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Joint Replacement The Second Time Around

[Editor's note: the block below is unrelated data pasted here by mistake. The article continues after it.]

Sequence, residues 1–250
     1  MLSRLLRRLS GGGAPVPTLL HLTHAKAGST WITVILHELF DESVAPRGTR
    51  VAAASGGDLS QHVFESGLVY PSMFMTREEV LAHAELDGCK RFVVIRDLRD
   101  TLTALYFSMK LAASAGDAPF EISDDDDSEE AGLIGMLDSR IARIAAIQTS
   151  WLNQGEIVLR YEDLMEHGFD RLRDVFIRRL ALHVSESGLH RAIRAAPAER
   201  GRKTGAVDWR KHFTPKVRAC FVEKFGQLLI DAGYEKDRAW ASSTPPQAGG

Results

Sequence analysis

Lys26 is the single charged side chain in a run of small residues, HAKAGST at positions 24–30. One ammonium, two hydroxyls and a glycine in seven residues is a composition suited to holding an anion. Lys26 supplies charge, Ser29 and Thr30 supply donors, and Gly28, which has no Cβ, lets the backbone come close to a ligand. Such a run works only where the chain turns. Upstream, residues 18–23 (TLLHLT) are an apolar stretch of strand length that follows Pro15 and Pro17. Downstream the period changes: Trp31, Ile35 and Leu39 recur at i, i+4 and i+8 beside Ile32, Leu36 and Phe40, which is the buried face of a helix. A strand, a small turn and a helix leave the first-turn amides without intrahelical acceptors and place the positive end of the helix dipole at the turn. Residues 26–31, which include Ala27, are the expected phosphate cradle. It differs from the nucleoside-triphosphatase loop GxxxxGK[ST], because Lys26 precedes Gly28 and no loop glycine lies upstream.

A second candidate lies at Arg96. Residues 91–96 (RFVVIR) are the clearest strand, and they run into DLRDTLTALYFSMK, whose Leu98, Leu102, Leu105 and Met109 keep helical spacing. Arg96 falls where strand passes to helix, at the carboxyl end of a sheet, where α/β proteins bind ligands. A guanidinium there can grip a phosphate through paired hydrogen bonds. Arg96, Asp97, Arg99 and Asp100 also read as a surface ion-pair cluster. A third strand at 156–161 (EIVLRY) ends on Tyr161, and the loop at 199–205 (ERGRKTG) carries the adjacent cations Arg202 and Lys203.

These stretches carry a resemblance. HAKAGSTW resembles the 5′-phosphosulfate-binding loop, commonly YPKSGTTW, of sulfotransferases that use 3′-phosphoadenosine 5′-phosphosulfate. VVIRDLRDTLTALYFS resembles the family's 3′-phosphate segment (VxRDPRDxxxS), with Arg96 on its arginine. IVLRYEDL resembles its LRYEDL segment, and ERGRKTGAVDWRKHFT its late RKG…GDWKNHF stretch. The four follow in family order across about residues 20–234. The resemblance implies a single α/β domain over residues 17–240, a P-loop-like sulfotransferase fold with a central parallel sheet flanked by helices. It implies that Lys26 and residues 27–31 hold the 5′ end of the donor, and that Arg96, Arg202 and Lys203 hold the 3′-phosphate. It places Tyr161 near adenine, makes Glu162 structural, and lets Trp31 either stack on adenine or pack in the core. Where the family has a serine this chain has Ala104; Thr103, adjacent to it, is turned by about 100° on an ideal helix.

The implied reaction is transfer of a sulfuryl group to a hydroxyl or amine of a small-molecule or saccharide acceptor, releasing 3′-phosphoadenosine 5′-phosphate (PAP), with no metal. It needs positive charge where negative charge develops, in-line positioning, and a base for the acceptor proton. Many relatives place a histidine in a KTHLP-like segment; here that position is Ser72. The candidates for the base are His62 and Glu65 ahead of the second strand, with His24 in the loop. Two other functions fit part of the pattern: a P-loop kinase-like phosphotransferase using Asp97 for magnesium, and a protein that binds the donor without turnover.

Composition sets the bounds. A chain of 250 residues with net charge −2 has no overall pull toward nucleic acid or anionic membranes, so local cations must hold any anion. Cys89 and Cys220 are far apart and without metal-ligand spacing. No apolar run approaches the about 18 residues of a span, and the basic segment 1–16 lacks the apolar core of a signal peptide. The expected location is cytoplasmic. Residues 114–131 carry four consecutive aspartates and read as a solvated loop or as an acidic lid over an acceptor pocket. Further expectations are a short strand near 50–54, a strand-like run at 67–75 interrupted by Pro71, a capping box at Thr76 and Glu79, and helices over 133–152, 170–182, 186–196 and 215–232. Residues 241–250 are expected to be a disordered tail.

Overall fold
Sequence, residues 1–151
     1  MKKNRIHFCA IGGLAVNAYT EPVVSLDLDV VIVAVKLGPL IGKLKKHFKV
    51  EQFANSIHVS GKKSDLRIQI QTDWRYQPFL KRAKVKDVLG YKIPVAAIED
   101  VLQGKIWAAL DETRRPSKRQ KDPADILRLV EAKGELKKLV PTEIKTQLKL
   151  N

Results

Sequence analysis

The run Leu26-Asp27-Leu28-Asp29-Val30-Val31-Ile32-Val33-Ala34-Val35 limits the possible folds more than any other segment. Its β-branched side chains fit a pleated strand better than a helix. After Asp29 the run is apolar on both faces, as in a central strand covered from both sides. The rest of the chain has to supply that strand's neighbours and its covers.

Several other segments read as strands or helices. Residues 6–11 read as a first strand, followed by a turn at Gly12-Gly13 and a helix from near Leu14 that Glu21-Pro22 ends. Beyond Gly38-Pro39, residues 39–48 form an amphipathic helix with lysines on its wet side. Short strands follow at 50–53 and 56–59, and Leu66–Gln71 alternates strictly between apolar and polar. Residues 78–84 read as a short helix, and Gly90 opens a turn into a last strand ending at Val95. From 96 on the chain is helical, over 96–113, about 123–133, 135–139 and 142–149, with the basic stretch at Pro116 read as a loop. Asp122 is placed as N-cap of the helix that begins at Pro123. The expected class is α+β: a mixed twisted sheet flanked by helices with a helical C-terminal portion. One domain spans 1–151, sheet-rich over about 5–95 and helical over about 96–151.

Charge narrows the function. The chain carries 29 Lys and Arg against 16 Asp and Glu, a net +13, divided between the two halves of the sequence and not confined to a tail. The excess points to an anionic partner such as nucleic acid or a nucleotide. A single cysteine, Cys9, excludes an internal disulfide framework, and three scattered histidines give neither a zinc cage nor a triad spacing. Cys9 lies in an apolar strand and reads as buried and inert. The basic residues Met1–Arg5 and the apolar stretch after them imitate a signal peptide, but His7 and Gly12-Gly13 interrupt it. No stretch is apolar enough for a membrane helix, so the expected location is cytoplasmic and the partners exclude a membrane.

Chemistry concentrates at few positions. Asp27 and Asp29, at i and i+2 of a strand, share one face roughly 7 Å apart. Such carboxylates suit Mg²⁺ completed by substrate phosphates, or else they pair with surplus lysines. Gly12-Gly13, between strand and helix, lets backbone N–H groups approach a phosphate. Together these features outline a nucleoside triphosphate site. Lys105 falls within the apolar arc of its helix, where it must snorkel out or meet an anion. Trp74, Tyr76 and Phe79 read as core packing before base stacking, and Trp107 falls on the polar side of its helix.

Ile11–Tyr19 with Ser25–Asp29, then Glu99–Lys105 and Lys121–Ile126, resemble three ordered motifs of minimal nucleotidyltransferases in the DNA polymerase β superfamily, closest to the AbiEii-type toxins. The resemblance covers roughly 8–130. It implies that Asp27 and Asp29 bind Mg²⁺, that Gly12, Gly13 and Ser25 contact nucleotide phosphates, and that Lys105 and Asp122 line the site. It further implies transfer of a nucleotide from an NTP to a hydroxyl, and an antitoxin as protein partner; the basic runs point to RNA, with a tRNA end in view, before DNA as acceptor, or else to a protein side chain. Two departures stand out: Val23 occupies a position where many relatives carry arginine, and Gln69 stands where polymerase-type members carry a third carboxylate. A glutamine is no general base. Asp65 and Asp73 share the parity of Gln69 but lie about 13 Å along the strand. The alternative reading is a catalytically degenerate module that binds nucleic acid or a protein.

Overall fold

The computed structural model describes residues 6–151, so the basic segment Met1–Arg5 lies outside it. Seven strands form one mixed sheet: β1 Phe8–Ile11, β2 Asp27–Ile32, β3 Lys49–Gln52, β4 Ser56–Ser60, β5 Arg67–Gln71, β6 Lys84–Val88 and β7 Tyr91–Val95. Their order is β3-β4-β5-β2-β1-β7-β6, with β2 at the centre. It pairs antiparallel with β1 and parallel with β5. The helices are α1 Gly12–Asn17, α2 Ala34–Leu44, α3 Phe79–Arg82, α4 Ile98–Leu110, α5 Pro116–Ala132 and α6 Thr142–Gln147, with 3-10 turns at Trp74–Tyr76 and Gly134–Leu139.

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Americans are getting more new hip and knee implants than ever before nearly a half-million a year. This boom in joint replacement has made the procedure somewhat routine and widely available. But when it comes time to have that initial implant replaced, due to wear or failure, the procedure is anything but routine, according to an article in the March issue of Cleveland Clinic Arthritis Advisor. “Revision surgery is a far longer and more complex procedure than initial surgery,” says Kenneth Marks, M.D., an orthopaedic surgeon at Cleveland Clinic. “It requires more time and expertise to remove the old implant and do a customized repair and realignment of the existing bone to ensure that the new implant will be held firmly in place.”